The Kate Shelley 400

The Kate Shelley 400 was a very late addition to the Chicago & North Western's family of streamliners.  The train was brought about by the loss of through service with Union Pacific's City fleet, which had switched to the Milwaukee Road in 1955 for its Chicago connection. 

The Kate Shelley, named after a railroad heroine who saved a passenger train from a grim fate during the late 19th century, allowed the C&NW to continue providing service along its Omaha main line where it ran as far as Boone, Iowa when it first entered service. 

Unfortunately, the train's initial routing was short-lived as it was soon cutback although it remained on the timetable, albeit as an unnamed run during its final years, until the start of Amtrak during the spring of 1971.

Since 1889 the 'North Western and Union Pacific had been working together closely to provide passengers service from Chicago to points across the West. 

During the early years this included (UP) trains like the Overland Flyer (Chicago - Portland with connections to San Francisco) and Los Angeles Limited (Chicago - Los Angeles).  On June 6, 1935 their transcontinental operations witnessed a significant upgrade when lightweight, diesel-powered trainsets were launched beginning with the City of Portland (the M-100001).  

This sleek new streamliner was soon followed by an entire fleet including the City of Los AngelesCity of San Francisco, and City of Denver. The two railroads continued to partner for another twenty years until 1955 when UP became disenchanted with the C&NW's service and switched to the Milwaukee Road beginning on October 30th.

This left the 'North Western with no through, passenger trains along its Omaha main line leading to the inauguration of the Kate Shelley 400, which launched between Chicago and Boone, Iowa.  The train was named after Catherine "Kate" Shelley, an Irish immigrant who came to the United States soon after she was born and eventually settled in Boone County, Iowa.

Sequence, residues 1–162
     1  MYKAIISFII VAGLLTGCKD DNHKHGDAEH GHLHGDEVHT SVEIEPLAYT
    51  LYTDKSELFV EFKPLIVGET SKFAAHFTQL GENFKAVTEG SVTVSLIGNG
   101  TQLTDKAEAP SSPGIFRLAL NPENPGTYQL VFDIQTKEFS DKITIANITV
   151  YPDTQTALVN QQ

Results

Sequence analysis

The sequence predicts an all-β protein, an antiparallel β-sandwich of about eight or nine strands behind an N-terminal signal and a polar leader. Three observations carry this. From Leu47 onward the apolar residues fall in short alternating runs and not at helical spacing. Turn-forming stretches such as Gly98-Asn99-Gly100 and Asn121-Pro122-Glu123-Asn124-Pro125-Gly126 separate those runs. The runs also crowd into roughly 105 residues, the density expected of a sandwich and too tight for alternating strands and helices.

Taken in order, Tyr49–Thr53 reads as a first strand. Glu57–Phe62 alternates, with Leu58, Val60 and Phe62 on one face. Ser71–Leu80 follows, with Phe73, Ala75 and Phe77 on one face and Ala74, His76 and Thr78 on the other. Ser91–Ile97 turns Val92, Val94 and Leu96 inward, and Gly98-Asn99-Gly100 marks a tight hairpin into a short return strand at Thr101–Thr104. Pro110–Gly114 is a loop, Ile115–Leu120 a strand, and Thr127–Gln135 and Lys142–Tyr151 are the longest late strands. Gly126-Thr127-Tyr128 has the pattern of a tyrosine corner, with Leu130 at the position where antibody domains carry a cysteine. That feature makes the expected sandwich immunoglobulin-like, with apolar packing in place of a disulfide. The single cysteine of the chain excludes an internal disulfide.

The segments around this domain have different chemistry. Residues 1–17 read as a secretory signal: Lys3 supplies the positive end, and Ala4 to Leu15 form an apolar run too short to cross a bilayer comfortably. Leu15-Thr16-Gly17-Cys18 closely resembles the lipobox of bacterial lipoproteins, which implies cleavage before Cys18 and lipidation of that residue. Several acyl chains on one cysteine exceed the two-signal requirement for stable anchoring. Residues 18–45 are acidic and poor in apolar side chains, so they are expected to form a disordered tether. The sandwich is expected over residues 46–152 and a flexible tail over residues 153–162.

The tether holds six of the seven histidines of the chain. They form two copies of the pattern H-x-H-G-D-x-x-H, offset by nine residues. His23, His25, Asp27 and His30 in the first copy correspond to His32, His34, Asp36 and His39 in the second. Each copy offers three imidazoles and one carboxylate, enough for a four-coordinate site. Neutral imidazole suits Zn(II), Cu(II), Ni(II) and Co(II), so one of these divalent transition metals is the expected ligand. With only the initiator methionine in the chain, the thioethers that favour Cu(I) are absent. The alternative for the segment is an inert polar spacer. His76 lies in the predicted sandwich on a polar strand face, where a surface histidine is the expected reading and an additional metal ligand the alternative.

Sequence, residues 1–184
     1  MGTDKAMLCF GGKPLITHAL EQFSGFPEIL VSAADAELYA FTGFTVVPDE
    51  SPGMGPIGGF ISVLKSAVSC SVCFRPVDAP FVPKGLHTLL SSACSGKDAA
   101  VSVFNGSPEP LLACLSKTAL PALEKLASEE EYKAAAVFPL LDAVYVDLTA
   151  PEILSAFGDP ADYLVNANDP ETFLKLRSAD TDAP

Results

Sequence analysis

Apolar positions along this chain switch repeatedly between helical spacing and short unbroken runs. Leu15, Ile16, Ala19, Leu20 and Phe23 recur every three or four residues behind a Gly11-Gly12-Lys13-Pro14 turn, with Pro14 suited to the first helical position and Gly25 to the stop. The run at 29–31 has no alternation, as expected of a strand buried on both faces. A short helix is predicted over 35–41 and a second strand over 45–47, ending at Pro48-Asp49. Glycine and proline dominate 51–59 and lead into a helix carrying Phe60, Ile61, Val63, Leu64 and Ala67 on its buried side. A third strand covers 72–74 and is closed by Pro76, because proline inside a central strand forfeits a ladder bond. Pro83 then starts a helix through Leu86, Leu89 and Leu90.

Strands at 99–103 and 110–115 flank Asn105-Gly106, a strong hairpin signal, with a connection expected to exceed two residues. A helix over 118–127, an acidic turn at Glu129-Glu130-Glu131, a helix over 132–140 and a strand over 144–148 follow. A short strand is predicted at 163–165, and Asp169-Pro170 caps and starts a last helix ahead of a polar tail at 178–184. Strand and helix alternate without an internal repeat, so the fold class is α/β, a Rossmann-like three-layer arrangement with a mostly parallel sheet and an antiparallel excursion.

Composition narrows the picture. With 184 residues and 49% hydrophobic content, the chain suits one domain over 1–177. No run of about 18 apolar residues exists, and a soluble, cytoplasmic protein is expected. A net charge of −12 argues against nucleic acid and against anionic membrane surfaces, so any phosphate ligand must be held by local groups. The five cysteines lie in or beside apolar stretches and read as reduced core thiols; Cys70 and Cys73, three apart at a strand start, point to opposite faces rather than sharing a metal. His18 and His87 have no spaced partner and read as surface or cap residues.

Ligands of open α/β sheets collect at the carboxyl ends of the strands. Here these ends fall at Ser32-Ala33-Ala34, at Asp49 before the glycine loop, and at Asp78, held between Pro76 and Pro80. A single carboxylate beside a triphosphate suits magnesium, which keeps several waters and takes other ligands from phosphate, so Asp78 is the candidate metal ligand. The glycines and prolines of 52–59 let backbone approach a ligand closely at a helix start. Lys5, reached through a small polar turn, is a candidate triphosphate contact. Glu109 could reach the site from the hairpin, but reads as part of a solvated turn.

She lived a quiet life for many years until July 6, 1881 when she heard a C&NW train crash into nearby Honey Creek (a single locomotive out checking track conditions), the result of flash floods caused by the day's severe thunderstorms. 

Knowing that an eastbound passenger train would be passing through the area soon, Shelley rushed on foot and through bad weather to the local Moingona depot to warn of the washout and wrecked locomotive.

C&NW's "400" Fleet And Other Trains

Ashland Limited: (Chicago - Green Bay - Ashland)

Duluth-Superior Limited: (Chicago - Madison - Duluth)

Flambeau "400": (Chicago - Green Bay - Ashland)

North Western Limited: (Chicago - Twin Cities)

Peninsula "400": (Chicago - Green Bay - Ishpeming)

Shoreland "400": (Chicago - Milwaukee - Green Bay)

Twin Cities "400": (Chicago - St. Paul - Minneapolis)

Valley "400": (Chicago - Green Bay - Menominee, Michigan)

More Reading...

A History Of The Chicago & North Western

Her heroic efforts saved the passenger train from impending disaster and led to the rescue of two of the crew involved in the washout.  She was praised by the railroad, local community, and eventually became a national heroine. 

The 'North Western went on to name a bridge after her in 1900 (still in use albeit since rebuilt) as well as a new streamliner years later.  The Kate Shelley 400 was listed as trains #1 (westbound) and #2 (eastbound) on the C&NW's timetable.